The narrative that new graduates carrying thousands of dollars in debt are given any chance to achieve anything close to previous generations in Calgary back in the high oil and gas days is now an irrelevant argument. Understandable that they may pack up and leave for greener pastures.

The evidence is in the 2019 Calgary Civic Census. The age demographic of 20-24 is our second lowest age demographic sitting at 5.94%, the lowest being the 15-19 year olds sitting at only 5.28%. The chart below shows the breakdown of our Calgary’s age segmentation. 

Calgary young people leaving

Source: Calgary Civic Census 2019, “Civic Census Results 2019”, Calgary.ca

Cities such as Vancouver and Toronto last conducted their population census in 2016. The comparison data ranked Calgary 29th out of 35 cities in Canada for the age demographic of 20-24. Thinking about the cities you are aware of in Canada, to not even rank in the top 10 for young adults adds to the enormous problem we will be attempting to remedy for an unknown amount of time. This data can be seen clearly in a CBC post relating to this issue.

The information above may offer some real data that has very real implications. However, the narrative less documented is what sentiment do young people feel in Calgary and what is left to be proud of. It cannot just be the Stampede or nothing at all. Even after emigrating to another city or country, what is it that they tell their newfound community about their home city? The vibrant, creative and hard-working young people in this city have a fighting chance, but only if there is some benefit to their future staying here. Without awareness of foundational values, celebration of culture and real opportunity to rely upon in your city, understandably, young people will continue to leave and seldomly will ever return.

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References:

Calgary.ca, “Calgary Civic Census 2019.” 2019 Civic Census Results, 2019, p. 18, Calgary.ca.

CBRE, “Canada’s Office and Industrial Quarterly Statistics Q3 2020”, CBRE.ca.

Calgary Economic Development, “Fact Sheet: Calgary Small Business”, 2020 Edition Published: June 24, 2020, p 6., Calgaryeconomicdevelopment.ca

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For more stories, please visit Todayville Calgary

Alberta

Malign Neglect: What Calgary’s Water-Main Break Reveals about the Failure of City Government

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From the C2C Journal

By George Koch

The rupture of Calgary’s biggest water main revealed more than the problems of aging infrastructure. It showed a civic bureaucracy unable to provide basic services or fix things when they break, and a mayor eager to blame others and scold citizens for their selfishness in wanting city services in return for their tax dollars. Above all, it laid bare the increasing tendency of governments to neglect their core responsibilities in favour of social policy fetishes, and to sidestep accountability when things go wrong. Clear, competent, mission-focused public servants are a vanishing breed, writes George Koch, and governing a city is now mainly about keeping city workers, senior officials and elected politicians happy.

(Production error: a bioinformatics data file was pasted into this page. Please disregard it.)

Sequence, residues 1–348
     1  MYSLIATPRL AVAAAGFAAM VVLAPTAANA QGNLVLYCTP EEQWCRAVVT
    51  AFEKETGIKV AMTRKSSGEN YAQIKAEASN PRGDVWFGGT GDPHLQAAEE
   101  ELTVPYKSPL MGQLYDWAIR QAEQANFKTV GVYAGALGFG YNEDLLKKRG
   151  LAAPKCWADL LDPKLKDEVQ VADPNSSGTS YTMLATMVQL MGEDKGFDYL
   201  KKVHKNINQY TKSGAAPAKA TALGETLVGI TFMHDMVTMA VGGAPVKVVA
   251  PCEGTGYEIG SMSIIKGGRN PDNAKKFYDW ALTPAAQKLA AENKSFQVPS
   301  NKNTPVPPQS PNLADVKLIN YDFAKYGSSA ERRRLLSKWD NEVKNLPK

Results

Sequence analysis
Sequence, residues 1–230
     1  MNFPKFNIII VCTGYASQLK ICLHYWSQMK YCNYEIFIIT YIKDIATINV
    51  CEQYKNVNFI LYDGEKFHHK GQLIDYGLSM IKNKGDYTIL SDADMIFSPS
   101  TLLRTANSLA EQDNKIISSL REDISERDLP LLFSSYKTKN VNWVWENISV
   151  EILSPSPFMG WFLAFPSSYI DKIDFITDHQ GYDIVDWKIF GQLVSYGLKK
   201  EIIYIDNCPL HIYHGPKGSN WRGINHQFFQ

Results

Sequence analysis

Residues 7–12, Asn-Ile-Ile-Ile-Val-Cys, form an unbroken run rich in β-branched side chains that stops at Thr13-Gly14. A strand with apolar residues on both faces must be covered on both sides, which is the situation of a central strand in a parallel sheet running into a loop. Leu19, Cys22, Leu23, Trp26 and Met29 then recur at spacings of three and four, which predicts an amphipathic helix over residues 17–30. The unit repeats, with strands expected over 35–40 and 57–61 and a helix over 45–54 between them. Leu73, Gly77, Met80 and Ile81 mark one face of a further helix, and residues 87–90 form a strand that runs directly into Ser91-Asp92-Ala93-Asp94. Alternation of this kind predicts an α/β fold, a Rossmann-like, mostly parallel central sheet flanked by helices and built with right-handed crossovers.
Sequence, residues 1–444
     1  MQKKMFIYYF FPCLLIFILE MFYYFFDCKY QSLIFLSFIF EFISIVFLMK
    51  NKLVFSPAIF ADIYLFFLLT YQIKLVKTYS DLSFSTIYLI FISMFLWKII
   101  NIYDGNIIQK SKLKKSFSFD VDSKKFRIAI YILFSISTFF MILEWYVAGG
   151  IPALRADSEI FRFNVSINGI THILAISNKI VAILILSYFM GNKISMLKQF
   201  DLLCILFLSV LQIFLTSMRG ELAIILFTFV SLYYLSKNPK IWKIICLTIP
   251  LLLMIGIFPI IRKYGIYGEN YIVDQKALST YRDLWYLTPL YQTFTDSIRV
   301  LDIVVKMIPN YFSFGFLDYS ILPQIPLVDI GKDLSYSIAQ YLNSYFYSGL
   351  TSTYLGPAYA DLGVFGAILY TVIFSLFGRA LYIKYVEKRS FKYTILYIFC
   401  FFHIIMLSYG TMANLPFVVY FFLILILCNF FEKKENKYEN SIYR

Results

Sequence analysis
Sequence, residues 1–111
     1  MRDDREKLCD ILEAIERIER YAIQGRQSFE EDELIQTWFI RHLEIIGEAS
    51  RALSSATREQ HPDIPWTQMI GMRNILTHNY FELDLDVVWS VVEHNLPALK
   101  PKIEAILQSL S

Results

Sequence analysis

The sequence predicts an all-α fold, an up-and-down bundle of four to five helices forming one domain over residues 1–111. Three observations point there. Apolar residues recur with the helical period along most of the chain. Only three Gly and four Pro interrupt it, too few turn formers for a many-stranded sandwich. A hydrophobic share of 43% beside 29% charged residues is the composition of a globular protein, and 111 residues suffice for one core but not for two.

As the enormous task forces of the U.S. Navy steamed westward across the Pacific Ocean in the final year of the Second World War, aiming ultimately for Japan but with some of the most vicious fighting still to come on islands like Okinawa and Iwo Jima, commanding admirals issued orders that any man who fell overboard would be left behind. No ship was to slow down for search-and-rescue; nothing was to get in the way of the mission. Several weeks ago, during one of the Stanley Cup semi-final games, a player was hit hard, fell to the ice, got up with difficulty, hobbled towards the bench and disappeared down the “tunnel”. The game went on, uninterrupted. Here too, the mission – entertaining millions – took precedence.

But when two municipal workers on a crew attempting to repair a catastrophic infrastructure failure in a major North American city are injured, the work immediately halts. Although the broken item serves a function vital to civilization and life itself, the mission of restoring water supply as quickly as possible becomes secondary. This happened 10 days ago, a week after the rupture of a high-pressure water main in Calgary had sent water shooting up out of busy 16th Avenue, triggering frantic 911 calls and initiating a “one week” repair saga that as of this writing is still weeks from completion.

Mission failure: The rupture of Calgary’s high-pressure water main on June 5 flooded 16th Avenue and threatened the city’s water supply; repairs were halted for a day after two workers were injured, an excess of caution that led to anger and frustration over the city’s basic competence. (Sources of photos: (top) Acton Clarkin/CBC; (bottom) CTV News)

The two injured workers were taken to hospital (thankfully, with non-life-threatening injuries) and the repair work eventually resumed the next day. But the interruption, piled atop days of confusing, contradictory, self-serving and at times seemingly false explanations and promises from senior city officials and embattled mayor Jyoti Gondek, generated further mistrust and anger among Calgarians over their city bureaucracy’s inability to operate the basics and get things fixed when something breaks down. The safety stand-down came on the very day the city had originally promised to restore water service, a time when every hour was precious, when the sacrifices by city residents and businesses were still bearable, when a return to normality seemed imminent. So why imperil the mission with nearly 24 hours of navel-gazing?